Reach early evening, just in time to catch the last Maid of the Mist tour boat. These boats take you into the basin beneath the falls, in the center of the falls’ horseshoe curve; there, you’re surrounded on 3 sides by a wall of water so gigantic, it defies description. At four million cubic feet a minute, the experience ceases to be something to see or feel; you become a part of it, a tiny particle in an awesome display of elementalism. The foaming spray blinds, drenches, deafens, and drowns you, the closest you’ll get to breathing water. It’s not the flying rain of monsoon storms. It’s heavier, more mineral; smells, tastes, feels different. Snow-white, chilling cold under cloudy autumn skies, the falls tower up almost two hundred feet… and everything you worried about for so long, work, money, everything, suddenly feels… insignificant. All you can do is just be, exist in the face of grandeur.

We walk later through caves on the American side, along wooden walkways constructed around the base – the only way to get close enough to actually touch the falls. Luckily, there’s enough sun to let us dry off before evening, when the October wind carries a sharp bite.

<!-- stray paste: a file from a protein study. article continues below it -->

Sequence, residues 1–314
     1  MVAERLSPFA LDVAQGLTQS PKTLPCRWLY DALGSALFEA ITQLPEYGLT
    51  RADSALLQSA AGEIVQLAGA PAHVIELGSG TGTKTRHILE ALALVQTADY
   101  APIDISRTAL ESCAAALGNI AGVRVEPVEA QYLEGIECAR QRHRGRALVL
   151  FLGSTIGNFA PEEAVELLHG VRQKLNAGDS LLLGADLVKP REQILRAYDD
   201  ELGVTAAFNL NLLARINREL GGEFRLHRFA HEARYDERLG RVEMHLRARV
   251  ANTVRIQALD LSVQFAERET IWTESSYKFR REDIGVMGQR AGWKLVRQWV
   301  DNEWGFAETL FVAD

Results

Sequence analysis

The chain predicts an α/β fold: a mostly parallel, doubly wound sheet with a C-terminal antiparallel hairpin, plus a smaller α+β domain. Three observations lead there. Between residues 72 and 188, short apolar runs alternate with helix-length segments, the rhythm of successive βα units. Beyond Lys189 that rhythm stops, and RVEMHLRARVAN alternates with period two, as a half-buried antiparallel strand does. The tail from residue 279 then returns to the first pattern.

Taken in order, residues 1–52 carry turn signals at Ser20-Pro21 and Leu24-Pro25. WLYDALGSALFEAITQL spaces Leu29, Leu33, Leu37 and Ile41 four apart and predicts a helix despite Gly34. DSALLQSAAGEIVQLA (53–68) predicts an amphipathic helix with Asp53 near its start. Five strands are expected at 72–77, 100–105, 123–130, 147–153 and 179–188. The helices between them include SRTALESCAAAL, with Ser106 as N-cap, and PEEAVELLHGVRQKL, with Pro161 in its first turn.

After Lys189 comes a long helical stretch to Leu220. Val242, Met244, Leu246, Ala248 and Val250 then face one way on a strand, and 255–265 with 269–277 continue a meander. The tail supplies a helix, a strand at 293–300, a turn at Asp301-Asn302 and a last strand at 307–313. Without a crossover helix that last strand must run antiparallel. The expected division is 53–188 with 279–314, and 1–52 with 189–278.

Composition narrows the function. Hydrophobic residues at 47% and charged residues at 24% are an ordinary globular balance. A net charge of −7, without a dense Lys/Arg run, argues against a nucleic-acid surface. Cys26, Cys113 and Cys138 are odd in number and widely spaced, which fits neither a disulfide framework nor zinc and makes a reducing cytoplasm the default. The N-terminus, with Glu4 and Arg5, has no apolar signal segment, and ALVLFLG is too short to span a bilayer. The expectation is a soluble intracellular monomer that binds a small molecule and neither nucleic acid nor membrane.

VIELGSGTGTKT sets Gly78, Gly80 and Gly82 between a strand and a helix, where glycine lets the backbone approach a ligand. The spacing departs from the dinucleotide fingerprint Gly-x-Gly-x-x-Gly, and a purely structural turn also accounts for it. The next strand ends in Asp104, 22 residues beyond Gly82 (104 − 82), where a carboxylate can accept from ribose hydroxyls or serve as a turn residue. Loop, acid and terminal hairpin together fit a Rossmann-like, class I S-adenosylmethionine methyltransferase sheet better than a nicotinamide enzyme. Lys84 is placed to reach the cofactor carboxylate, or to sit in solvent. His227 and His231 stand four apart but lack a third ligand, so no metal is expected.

At night, a light display is switched on; as glowing reds, and soft, powdery whites play across them, the falls transform into something unearthly, alternating between heaven and hell. It’s a surreal vision, and never to be missed; and if you can, get a Canadian visa, because the US might have the falls, but it’s the Canadians that get to enjoy the best view.

Apart from the Falls, there’s not much to do in Niagara, so we head back next morning. It’s a day’s drive to New York, a brilliant experience. The Amish countryside, as you pass through Pennsylvania and Delaware, is vast, flat, and spread open for hundreds of miles, all directions. Lightning flickers on the horizon; being autumn, it’s Halloween season, and all the towns and houses we pass are putting up decorations. Pumpkins everywhere – on the roadside, in the markets, lit up as lanterns, in bread, cakes, even ice-cream and tea. After some irresistible stops at farm diaries for natural, fresh icecream (mmm!) and lunch, it’s late evening by the time we reach our New Jersey hotel.